unforgiving; playing Uprising on its higher

settings does a very good job of imitating the

brutal difficulty.

2. Together Mode

“Together Mode” is the nickname for the

multiplayer in Kid Icarus: Uprising, which is

actually loaded with a lot of options for those

who choose to invest in it. The game can be

played via WiFi or locally, with friends from

your 3DS Friend List or even just random players

from anywhere in the world. In addition to a 3-

versus-3 deathmatch mode, the star of the show

is the Light vs. Dark mode. In this game,

players on Light and Dark teams try to take each

other out and earn points until one combatant on

the each team turns into Pit or Dark Pit. From

there, that player is the “VIP”, and the winning

team is the one that protects him/her the


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In general, the multiplayer content in Kid

Icarus: Uprising is almost like another whole

game on its own. It plays mostly like the

ground-based combat portions of the Solo Mode

and doesn’t include any aerial action, but it

ultimately extends the replay value to a very

large degree. It is easy to connect with

friends, set up groups, and play games –

everything you want from the online multiplayer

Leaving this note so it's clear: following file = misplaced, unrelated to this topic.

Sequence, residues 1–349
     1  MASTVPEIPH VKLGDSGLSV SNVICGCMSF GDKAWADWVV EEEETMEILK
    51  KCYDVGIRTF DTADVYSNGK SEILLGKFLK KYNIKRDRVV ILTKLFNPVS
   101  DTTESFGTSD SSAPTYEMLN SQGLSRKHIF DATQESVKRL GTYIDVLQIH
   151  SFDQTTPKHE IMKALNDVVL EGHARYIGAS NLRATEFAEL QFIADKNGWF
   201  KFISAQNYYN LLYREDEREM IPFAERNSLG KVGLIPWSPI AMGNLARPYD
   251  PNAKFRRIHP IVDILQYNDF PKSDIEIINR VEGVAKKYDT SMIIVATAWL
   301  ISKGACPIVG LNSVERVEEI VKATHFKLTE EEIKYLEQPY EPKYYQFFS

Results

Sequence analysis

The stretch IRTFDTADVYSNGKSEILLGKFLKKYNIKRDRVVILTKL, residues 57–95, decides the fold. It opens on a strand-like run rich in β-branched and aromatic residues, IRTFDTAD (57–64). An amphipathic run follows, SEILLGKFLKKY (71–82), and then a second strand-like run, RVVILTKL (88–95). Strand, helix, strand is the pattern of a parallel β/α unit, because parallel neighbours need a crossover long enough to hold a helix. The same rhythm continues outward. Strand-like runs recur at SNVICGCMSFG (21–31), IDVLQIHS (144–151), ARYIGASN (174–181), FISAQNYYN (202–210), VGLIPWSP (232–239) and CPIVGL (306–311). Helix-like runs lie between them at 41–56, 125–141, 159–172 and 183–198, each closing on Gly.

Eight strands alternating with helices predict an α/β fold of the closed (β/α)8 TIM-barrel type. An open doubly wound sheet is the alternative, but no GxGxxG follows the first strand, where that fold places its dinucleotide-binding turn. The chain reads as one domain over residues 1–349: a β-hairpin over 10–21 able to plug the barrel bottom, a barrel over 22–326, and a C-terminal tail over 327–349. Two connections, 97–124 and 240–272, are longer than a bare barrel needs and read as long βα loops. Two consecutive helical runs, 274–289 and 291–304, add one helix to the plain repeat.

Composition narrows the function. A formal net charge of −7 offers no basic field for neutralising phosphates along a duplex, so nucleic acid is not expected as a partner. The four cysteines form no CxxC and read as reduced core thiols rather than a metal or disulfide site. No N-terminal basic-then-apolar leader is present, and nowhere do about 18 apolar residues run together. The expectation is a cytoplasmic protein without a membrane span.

experience is here, and it all works very well.

Along with Mario Kart 7 and Resident Evil:


, Uprising proves that there is

plenty of fun to be had playing the 3DS online

with other players. Nintendo is finally “getting

it right” with online gameplay, and the depth

provided here – customized load outs, player

stats, a variety game modes – is indicitive of


3. Extra Content: SpotPass, AR Cards and


In addition to its Solo Mode and the variety

of game types in Together Mode, Kid Icarus:

Uprising boasts a deep amount of extra content.

First, it utilizes the 3DS’s SpotPass and

StreetPass functions to give players the ability

to create, share, and fuse “Weapon Gems” using

weapons from Solo Mode. Sometimes, when you turn

the game on, you will randomly have a new weapon

gem from a SpotPassed player – this is always a

treat that can even lead to some of the game’s

most interesting weapon fusions.

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Moving on, Uprising is one of the first games